King says his buttons -- from Obama "Hope" to Obama "Dope" -- sold very well at political rallies.
Errol Hosea King was shaking his head watching TV coverage of the Tea Party Express all last week. The 16-day, cross-country rally ended Saturday in Washington, D.C., with different news outlets suggesting wildly different attendance numbers for the final day.
Whether hundreds or thousands, a fired-up crowd equals easy money to a button-seller like King, who says that could have been him out there scooping up coin with fellow St. Louisans David Brown and Kenneth Gladney.
But King quit the political-swag-selling business just as the tea party tour got underway.
He contacted Daily RFT, he says, to air out a few frustrations with his former boss,Brown, and to set the record straight.
Brown, you might remember, is a white attorney who grabbed the headlines in August when Gladney, a black St. Louisan, was allegedly punched by SEIU members at a town hall meeting hosted by U.S. Congressman Russ Carnahan. (Video here.)
Brown has described his role in that brouhaha differently at different times. At first he was identified as Gladney's attorney and he said a lawsuit against SEIU was in the works. Later, he said he was not Gladney's lawyer.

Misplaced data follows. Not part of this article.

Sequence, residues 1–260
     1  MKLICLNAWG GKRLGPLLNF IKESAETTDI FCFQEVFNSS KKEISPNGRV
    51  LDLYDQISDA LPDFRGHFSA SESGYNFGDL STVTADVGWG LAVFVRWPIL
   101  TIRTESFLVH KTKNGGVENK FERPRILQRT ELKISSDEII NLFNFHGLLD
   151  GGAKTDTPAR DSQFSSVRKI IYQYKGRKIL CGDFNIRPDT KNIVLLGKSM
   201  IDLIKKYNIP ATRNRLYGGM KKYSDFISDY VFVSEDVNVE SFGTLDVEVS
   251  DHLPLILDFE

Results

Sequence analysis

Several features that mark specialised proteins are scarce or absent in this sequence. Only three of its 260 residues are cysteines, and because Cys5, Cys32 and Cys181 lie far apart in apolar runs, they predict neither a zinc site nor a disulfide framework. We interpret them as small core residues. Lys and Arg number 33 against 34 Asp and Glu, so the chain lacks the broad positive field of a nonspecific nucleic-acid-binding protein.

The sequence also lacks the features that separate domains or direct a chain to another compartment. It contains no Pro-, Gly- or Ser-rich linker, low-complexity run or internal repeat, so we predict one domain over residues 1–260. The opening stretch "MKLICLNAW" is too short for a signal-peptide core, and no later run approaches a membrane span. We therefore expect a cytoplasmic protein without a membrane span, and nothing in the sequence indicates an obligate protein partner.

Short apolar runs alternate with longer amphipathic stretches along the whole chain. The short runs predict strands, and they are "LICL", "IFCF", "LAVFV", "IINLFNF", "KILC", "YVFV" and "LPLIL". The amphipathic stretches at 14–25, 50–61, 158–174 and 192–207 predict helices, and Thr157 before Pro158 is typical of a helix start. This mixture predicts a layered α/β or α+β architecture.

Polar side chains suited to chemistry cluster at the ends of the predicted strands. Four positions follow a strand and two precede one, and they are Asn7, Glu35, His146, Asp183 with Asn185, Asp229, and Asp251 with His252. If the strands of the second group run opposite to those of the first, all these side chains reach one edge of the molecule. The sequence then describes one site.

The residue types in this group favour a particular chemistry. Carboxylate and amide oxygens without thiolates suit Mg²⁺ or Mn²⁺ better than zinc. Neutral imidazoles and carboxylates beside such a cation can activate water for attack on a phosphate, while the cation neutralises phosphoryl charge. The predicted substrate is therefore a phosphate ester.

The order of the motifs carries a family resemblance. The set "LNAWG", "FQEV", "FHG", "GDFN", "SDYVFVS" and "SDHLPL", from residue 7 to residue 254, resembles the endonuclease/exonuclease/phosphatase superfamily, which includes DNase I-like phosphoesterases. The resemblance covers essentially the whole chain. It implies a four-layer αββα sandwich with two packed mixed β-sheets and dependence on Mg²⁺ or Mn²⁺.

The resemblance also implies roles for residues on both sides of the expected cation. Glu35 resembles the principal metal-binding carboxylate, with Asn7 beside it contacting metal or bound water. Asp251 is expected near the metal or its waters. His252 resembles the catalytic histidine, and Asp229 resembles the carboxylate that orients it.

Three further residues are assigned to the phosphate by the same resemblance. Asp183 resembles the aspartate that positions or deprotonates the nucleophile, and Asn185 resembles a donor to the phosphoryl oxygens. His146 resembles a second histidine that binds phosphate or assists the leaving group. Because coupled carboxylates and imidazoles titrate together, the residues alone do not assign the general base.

Brown nonetheless took the mic for Gladney at a St. Louis rally where tea party members demanded the NAACP investigate his alleged beating. See below.
Gladney swiftly became labeled in numerous national media outlets as "a
black conservative activist" who was "handing out" political
memorabilia when the SEIU members allegedly beat him up.
Gladney was selling the paraphernalia. He was working with The
Political Mint, a business owned by David Brown and his sister
Angela Brown, according to paperwork filed with the Missouri Secretary of State's Office.
When reached by phone to clarify his
relationship with the tour and with Gladney, Brown told Daily RFT that
he is now Gladney's "agent."
When asked what exactly that meant, Brown
yelled, "Figure it out! Look it up in the dictionary!" and promptly
hung up the phone.
Says King: "The thing is, David Brown is just using this guy Kenneth
Gladney to make money. He told me so. He told me in his own words that
Mr. Gladney is his gravy train."
Daily RFT left several messages for Brown after he cut our first
conversation short; he did not return the messages.
Previously, Brown denied knowing or employing King.
As a lawyer Brown
primarily peddles in St. Louis area traffic courts; he once worked for
a firm called Law Dawgz.
Other button sellers say Brown got into the
political swag business back in the mid-'90s. (His web site says he's
been doing it since 1992, but his SOS filings show he incorporated Political Mint LLC in
Photo by Nick Lucchesi
Errol Hosea King wants people to know those yellow "Don't Tread on Me" flags are made in China.
King says he toiled for Brown as a swag-seller, and worked on several
occasions with Gladney. "Kenneth is not a conservative and not
an activist," says King. "He's a little naive, he's quiet, and he's not
that politically astute. That's why you saw David doing most of the